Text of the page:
Study: GM, FCA Offer Zero Models With Standard AEB

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Automotive Editor

Based out of the Washington, D.C. area, Joel Patel is an automotive journalist that hails from Northern Virginia. His work has been featured on various automotive outlets, including Autoweek, Digital Trends, and Autoblog. When not writing about cars, Joel enjoys trying new foods, wrenching on his car, and watching horror movies. 

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, Automotive Editor - March 15, 2019

Take one look at the majority of new cars on sale, and there's a high chance that a safety suite of high-tech features, including automatic emergency braking (AEB), is at least offered as an optional extra. That's not a coincidence, as the Insurance Institute for Highway Safety (IIHS), automakers are well on their way to meet their voluntary goal of offering AEB on every new passenger vehicle by September 2022.

Ten automakers, including Honda, Nissan, Volvo, Mercedes-Benz, Tesla, and Toyota, reported that more than half of the vehicles they produced between Sept. 1, 2017 and Aug. 31, 2018 were equipped with AEB. Mercedes-Benz, Volvo, and Tesla reportedly had at least 93 percent saturation of automatic emergency braking on its vehicles. Tesla, impressively, was at 100 percent – the electric automaker was the only one.

Domestic car brands still lag behind the competition when it comes to offering automatic emergency braking on vehicles. General Motors and Fiat Chrysler Automobiles, according to the IIHS, don't have any vehicles with AEB as standard on 2019 models. Ford and Lincoln only offers 36 percent of its 2019 models with AEB as standard, while Porsche and Kia trail behind with just 17 percent and 27 percent respectively.

While GM and FCA don't offer AEB as standard on any of its 2019 models, the figure of how many vehicles it built with AEB from September 2017 to August 2018 is more enlightening. Only 24 percent of the vehicles GM built from that period had AEB, and that figure was 10 percent for FCA. What that means is, if you want AEB in a vehicle from one of those automakers, you're limited to specific vehicles.

For GM, Chevrolet, Buick, Cadillac, and GMC all offer AEB as an option on the majority of models. When it comes to FCA's line, which includes Alfa Romeo, Fiat, Chrysler, Dodge, and Jeep, finding AEB as an option is a more difficult task, as it's offered on a much smaller number of vehicles.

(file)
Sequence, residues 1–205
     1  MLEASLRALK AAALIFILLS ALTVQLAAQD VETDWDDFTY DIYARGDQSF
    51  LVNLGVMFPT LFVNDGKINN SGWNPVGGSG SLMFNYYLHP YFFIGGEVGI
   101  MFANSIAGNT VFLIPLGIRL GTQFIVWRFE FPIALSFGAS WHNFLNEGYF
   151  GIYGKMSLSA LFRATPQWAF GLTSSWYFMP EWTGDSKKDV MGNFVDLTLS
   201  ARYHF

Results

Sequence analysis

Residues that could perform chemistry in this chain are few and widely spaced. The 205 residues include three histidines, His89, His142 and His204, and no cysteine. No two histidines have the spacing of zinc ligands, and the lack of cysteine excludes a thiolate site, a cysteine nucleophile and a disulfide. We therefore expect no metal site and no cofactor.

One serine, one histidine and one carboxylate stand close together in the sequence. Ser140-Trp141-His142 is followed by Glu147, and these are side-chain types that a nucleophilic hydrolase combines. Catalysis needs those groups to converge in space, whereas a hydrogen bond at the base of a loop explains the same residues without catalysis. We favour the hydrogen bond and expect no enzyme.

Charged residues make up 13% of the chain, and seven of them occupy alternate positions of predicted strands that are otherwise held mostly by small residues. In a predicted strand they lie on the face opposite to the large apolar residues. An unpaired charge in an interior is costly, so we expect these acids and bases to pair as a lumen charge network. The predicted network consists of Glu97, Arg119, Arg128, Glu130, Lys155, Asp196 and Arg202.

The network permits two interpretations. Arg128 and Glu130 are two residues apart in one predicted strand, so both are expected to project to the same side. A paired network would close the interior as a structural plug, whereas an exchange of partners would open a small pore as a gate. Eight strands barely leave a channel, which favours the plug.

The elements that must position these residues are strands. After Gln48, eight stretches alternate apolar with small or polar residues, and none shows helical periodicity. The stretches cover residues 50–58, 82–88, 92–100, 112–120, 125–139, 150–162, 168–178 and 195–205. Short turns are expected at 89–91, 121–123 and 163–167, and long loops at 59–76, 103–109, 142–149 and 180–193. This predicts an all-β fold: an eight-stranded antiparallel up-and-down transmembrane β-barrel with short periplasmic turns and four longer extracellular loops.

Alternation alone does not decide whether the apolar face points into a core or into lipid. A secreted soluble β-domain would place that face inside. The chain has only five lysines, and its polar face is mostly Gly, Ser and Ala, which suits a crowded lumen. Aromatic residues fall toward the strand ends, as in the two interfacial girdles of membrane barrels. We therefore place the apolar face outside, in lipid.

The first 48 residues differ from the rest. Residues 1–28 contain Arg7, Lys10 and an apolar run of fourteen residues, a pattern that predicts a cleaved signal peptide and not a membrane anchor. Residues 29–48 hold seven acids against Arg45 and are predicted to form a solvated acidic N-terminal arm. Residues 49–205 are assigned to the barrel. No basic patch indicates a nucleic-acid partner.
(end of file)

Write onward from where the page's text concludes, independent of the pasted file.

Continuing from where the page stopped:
If you want AEB in a GM product, like the Chevrolet Malibu, it's predominantly offered in a pricey package with other tech features. Available only on the range-topping Malibu Premier is the Confidence III Package that costs $1,000. It brings forward automatic braking (AEB), an electronic parking brake, adaptive cruise control, and automatic parking assist.

Dodge Charger

For Dodge and the Charger, the American automaker offers AEB as part of the Technology Group ($1,895) package that's available on the entry-level model. Ticking the box brings numerous features, including adaptive cruise control, advanced brake assist, and lane departure warning plus.

When you look at Toyota, and examine that all but two vehicles in the Japanese automaker's lineup – the 86 and the 4Runner – don't have AEB as standard, you get a picture of just how far behind GM, FCA, Kia, and Mitsubishi are. And it's not like pricing for Toyota's vehicles went through the roof when the automaker decided to offer AEB as standard, either.

You'll have to go back to the 2017 model year for the Camry to get into a sedan that didn't have AEB as standard. But that vehicle cost $23,905 (including destination). The 2018 Camry, which added AEB as standard, started at $24,830 – a modest increase of $475.

Needless to say, brands that don't have AEB as standard are already in the minority, and will only continue to shrink in the future.

, Automotive Editor

Based out of the Washington, D.C. area, Joel Patel is an automotive journalist that hails from Northern Virginia. His work has been featured on various automotive outlets, including Autoweek, Digital Trends, and Autoblog. When not writing about cars, Joel enjoys trying new foods, wrenching on his car, and watching horror movies. 

Follow On: Twitter | Website